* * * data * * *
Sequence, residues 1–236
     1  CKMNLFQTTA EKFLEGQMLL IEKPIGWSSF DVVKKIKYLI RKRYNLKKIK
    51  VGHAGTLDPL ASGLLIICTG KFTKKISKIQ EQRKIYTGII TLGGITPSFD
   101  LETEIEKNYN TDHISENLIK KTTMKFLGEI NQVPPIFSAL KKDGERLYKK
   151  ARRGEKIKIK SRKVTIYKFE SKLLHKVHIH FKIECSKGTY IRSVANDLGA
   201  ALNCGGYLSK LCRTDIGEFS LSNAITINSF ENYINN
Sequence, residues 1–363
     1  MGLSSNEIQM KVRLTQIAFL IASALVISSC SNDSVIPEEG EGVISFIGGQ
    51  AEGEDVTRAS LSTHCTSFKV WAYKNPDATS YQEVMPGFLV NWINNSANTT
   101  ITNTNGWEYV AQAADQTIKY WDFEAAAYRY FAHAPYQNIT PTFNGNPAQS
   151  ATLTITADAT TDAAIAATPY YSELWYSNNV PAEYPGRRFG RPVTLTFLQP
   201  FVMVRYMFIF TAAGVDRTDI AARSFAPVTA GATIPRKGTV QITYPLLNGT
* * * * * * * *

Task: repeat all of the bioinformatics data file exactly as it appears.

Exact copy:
Sequence, residues 1–236
     1  CKMNLFQTTA EKFLEGQMLL IEKPIGWSSF DVVKKIKYLI RKRYNLKKIK
    51  VGHAGTLDPL ASGLLIICTG KFTKKISKIQ EQRKIYTGII TLGGITPSFD
   101  LETEIEKNYN TDHISENLIK KTTMKFLGEI NQVPPIFSAL KKDGERLYKK
   151  ARRGEKIKIK SRKVTIYKFE SKLLHKVHIH FKIECSKGTY IRSVANDLGA
   201  ALNCGGYLSK LCRTDIGEFS LSNAITINSF ENYINN
Sequence, residues 1–363
     1  MGLSSNEIQM KVRLTQIAFL IASALVISSC SNDSVIPEEG EGVISFIGGQ
    51  AEGEDVTRAS LSTHCTSFKV WAYKNPDATS YQEVMPGFLV NWINNSANTT
   101  ITNTNGWEYV AQAADQTIKY WDFEAAAYRY FAHAPYQNIT PTFNGNPAQS
   151  ATLTITADAT TDAAIAATPY YSELWYSNNV PAEYPGRRFG RPVTLTFLQP
   201  FVMVRYMFIF TAAGVDRTDI AARSFAPVTA GATIPRKGTV QITYPLLNGT